2 minute read

Curt Schilling is one of the most popular players in Red Sox Nation. His last two performances showed gritty determination and incredible ability.

The Magic Sock

Or did it? According to Laura Vecsey at the Baltimore Sun, it was a ruse. It’s good to know that Laura knows where the real news is. She’s getting down to the real issues. We can only hope that Bud Selig notices and forms an investigation team, a la the 9/11 Commission. This is important stuff. Forget that it’s wild speculation and the fact that the only evidence she seems to have comes out of New York:

Even factoring in the sour grapes, word out of New York is that some Yankees players wouldn’t put it past Schilling to dab his sock with red magic marker, or apply generous amounts of Mercurochrome – anything to amplify the Red Sox’s amazing postseason run and, of course, to hoist his stature.

Good lead. I also heard that A-Rod was also a robot.

Word out of Boston is that some Red Sox players wouldn’t put it past A-Rod to be mechanical, or engineered in a factory – anything to amplify Steinbrenner’s ego and, of course, to hoist his paycheck.

Is that good journalism? I know I’m still new to this whole writing thing, but I was under the impression that having some good backup to my articles was necessary. I thought that wild speculation was a bad thing. I guess I was wrong.

Proof? Who needs proof?

Speaking of wild speculation, we now have the Associated Press (AP) publishing a story that despite Schilling’s endorsement of President Bush, Schilling will not be able to make the appearance.

It seems like fairly vanilla news at first. It’s pretty logical that Schilling wouldn’t be able to travel due to his ankle. The problem is that the source is an email to a fan site. It’s written as if it’s from Schilling. He even goes on to apologize for expressing his political views.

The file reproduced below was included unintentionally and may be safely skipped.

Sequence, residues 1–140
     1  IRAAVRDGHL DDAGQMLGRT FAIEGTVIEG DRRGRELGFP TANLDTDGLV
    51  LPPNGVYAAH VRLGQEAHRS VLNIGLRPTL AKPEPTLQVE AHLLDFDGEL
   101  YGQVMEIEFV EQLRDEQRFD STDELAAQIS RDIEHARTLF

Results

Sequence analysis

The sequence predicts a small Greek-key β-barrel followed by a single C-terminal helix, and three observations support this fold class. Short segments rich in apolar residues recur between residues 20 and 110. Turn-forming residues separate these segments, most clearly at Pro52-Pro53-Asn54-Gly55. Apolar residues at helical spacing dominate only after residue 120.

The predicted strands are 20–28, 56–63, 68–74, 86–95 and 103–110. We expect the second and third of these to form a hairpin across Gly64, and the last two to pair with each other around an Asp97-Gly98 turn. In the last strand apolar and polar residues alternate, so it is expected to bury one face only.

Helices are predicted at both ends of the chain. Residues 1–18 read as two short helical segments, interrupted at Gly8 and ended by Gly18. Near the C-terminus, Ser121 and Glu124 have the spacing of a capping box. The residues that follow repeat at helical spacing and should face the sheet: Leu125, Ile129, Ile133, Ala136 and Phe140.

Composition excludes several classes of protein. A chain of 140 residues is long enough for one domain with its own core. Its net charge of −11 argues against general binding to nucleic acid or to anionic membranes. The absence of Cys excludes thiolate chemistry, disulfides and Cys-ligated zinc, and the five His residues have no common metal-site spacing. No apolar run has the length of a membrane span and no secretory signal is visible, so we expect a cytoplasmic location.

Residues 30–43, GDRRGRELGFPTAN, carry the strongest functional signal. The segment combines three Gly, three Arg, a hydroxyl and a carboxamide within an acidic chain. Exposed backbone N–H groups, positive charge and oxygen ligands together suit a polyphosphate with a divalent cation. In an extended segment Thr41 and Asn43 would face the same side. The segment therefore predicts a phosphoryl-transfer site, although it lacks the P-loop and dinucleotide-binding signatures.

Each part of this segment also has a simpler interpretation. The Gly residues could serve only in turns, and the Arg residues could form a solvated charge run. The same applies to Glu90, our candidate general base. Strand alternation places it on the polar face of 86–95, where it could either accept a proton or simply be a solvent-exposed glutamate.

While I am a Bush supporter, and I did vote for him with an absentee ballot, speaking as I did the other day was wrong. While I hope to see him re-elected, it’s not my place, nor the time for me to offer up my political opinions unsolicited.

I certainly think it’s certainly kosher to do (especially when complete idiots Hollywood actors feel the need to do the same). Isn’t it a little suspicious that this was released as an email (by itself), breaks his commitment to the President, and then retracts his statement? Well, it is, but apparently not enough for the AP.

Schilling, who contributes frequently to online fan forums, did not immediately return a call from The Associated Press.

So confirmation isn’t necessary either? We can just publish things we read online? Cool! I want to be the first to publish that Kerry eats babies for breakfast and that Bush smokes weed. You heard it here first folks.

I’m not saying it isn’t true. It might very well be. News organizations are supposed to have the integrity to check up on the stories. The AP admittedly had no proof of this story and went ahead with it anyway. It makes you wonder about its other articles. I think they should change their acronym to SAP (speculative association of the press).